How does the IRS identify non-filers?
March 25, 2014
Delinquent tax return criminal prosecution likelihood
March 25, 2014
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How important is it to the government that I didn’t file?

Times are tough and the state and federal governments need money. The IRS in particular has been hiring experienced tax attorneys, CPAs and enrolled agents to step up enforcement action. In the IRS’s opinion, the non-filer creates one of the most significant compliance issues facing the U.S. system of taxation and accordingly has targeted the problem of non-filers as one of the IRS’s highest priorities. The IRS estimates that approximately 10 million taxpayers fail to file their federal income tax returns each year.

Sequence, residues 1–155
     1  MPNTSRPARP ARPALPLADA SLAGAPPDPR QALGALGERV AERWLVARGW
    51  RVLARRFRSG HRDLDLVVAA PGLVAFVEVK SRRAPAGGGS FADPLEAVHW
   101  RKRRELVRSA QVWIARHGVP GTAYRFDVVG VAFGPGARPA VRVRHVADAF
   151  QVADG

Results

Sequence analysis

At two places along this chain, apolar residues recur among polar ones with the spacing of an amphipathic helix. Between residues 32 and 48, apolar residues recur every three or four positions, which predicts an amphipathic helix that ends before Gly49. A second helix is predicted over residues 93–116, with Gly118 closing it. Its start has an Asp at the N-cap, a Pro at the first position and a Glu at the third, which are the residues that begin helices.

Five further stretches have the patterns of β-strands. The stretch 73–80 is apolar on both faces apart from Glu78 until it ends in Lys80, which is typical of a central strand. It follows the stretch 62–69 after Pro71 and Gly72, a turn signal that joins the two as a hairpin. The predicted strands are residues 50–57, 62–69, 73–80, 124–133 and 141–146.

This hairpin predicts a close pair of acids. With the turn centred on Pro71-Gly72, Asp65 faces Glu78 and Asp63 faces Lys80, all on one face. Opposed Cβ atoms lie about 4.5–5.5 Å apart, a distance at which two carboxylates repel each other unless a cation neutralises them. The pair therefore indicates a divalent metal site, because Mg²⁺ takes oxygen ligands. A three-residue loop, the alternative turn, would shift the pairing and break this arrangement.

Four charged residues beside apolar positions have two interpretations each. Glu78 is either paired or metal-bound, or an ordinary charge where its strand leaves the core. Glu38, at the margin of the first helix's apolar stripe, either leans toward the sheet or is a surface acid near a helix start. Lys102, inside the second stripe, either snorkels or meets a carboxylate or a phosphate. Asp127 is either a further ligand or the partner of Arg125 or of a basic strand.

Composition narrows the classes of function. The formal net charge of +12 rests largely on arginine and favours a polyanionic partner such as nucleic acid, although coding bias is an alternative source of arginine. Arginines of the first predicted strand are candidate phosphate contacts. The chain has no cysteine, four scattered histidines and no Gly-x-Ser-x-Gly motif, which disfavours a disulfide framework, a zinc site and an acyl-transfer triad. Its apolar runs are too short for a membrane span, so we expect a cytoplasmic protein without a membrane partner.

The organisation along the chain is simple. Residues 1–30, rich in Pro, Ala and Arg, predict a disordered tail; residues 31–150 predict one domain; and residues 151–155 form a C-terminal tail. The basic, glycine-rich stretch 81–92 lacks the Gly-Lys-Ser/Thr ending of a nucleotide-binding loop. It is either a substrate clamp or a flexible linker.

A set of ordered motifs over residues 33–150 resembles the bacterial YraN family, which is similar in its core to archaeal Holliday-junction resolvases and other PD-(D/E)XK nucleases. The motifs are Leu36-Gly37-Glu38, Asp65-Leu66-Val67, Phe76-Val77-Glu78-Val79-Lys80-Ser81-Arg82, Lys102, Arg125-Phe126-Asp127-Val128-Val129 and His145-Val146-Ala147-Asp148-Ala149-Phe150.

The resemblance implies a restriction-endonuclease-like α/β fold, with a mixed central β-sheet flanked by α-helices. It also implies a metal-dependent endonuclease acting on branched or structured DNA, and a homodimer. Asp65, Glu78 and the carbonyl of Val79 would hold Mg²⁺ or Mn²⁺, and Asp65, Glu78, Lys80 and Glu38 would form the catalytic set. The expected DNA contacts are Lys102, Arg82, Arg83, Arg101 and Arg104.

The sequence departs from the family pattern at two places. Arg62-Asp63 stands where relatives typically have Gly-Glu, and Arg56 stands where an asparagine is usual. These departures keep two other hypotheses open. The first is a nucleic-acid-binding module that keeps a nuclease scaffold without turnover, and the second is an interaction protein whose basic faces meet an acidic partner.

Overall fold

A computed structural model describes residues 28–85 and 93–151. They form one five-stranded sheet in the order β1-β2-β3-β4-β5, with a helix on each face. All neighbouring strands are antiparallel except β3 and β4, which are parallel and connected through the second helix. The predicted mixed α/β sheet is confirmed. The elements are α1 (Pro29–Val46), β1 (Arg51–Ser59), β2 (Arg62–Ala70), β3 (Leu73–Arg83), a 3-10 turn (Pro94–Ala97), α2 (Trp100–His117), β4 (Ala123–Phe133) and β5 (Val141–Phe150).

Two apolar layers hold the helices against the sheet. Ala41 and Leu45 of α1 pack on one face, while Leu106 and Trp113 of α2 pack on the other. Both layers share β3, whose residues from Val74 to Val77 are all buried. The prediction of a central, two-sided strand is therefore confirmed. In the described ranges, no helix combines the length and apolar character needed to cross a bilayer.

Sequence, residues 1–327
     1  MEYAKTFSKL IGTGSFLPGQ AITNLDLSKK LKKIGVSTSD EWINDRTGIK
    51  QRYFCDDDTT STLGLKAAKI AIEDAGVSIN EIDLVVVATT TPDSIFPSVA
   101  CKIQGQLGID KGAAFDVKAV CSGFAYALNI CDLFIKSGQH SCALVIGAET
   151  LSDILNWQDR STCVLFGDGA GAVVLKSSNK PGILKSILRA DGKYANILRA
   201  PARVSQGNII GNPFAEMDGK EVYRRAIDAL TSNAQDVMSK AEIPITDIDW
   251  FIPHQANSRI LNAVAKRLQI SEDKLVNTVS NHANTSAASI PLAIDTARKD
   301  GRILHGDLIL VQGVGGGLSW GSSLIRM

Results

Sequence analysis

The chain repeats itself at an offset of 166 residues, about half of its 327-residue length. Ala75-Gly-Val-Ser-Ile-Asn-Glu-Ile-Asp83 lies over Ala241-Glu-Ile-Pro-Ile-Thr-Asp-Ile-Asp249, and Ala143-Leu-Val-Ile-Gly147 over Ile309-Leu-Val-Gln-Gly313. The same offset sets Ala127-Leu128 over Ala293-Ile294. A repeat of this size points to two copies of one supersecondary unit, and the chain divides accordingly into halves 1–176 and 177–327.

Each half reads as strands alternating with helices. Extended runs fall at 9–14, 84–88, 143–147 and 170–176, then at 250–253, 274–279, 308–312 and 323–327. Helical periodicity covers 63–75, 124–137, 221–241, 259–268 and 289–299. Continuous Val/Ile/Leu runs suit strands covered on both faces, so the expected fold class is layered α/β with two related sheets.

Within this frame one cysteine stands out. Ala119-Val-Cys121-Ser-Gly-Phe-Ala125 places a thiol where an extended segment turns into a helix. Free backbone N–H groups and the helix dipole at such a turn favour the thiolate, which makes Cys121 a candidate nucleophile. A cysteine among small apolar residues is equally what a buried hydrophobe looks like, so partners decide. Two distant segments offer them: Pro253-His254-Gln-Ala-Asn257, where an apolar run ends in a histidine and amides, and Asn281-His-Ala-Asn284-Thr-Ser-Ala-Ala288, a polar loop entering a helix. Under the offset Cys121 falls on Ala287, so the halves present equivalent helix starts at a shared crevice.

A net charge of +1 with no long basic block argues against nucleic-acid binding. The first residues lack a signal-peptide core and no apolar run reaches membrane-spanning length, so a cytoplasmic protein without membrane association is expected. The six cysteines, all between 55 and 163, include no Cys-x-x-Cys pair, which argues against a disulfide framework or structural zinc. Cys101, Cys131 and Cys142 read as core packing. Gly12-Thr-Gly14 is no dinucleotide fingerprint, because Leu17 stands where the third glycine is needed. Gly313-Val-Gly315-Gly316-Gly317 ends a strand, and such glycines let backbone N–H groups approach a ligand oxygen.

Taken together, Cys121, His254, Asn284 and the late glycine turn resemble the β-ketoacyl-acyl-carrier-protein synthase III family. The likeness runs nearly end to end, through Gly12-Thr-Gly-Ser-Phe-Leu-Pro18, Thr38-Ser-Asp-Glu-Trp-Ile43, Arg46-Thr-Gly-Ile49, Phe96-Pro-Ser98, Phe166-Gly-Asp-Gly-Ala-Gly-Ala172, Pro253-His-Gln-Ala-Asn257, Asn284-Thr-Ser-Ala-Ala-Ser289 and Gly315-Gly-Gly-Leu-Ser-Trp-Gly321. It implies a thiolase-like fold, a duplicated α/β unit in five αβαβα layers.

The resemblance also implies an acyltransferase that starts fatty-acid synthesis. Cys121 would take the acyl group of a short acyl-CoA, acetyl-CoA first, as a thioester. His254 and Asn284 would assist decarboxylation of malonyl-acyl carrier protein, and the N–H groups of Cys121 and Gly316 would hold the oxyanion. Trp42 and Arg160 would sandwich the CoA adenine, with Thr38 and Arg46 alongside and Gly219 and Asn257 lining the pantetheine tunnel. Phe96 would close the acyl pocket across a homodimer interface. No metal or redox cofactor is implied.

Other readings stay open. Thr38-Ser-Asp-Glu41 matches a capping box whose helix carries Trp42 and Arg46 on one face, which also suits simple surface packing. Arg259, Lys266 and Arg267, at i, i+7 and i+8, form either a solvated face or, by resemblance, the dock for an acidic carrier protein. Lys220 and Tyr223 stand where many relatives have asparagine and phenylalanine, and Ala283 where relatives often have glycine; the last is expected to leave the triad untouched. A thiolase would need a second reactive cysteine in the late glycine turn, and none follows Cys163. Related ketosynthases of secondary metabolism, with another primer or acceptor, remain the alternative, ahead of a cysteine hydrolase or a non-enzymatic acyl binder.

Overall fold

The IRS posts on its Web site “one of the basic tenets of our tax system is the belief that all citizens must comply with the requirements to file returns and pay taxes. Taxpayers who willfully fail to file income tax returns pose a serious threat to tax administration and voluntary compliance.”

In response to the non-filer problem, the IRS has implemented a cross-functional National Non-Filer Strategy. The overall goal of this strategy is to bring non-filers back into compliance. The IRS has involved its Criminal Investigation (CI) division, which consists of agents trained in law enforcement and armed with side arms, in this program where high profile non-filers are non-responsive to outreach efforts. IRS-CI has devoted resources to identify these individuals, and in the most flagrant cases, criminal prosecution has been and will continue to be recommended.

The IRS- CI mission statement is as follows:

Criminal Investigation serves the American public by investigating potential criminal violations of the Internal Revenue Code and related financial crimes in a manner that fosters confidence in the tax system and compliance with the law.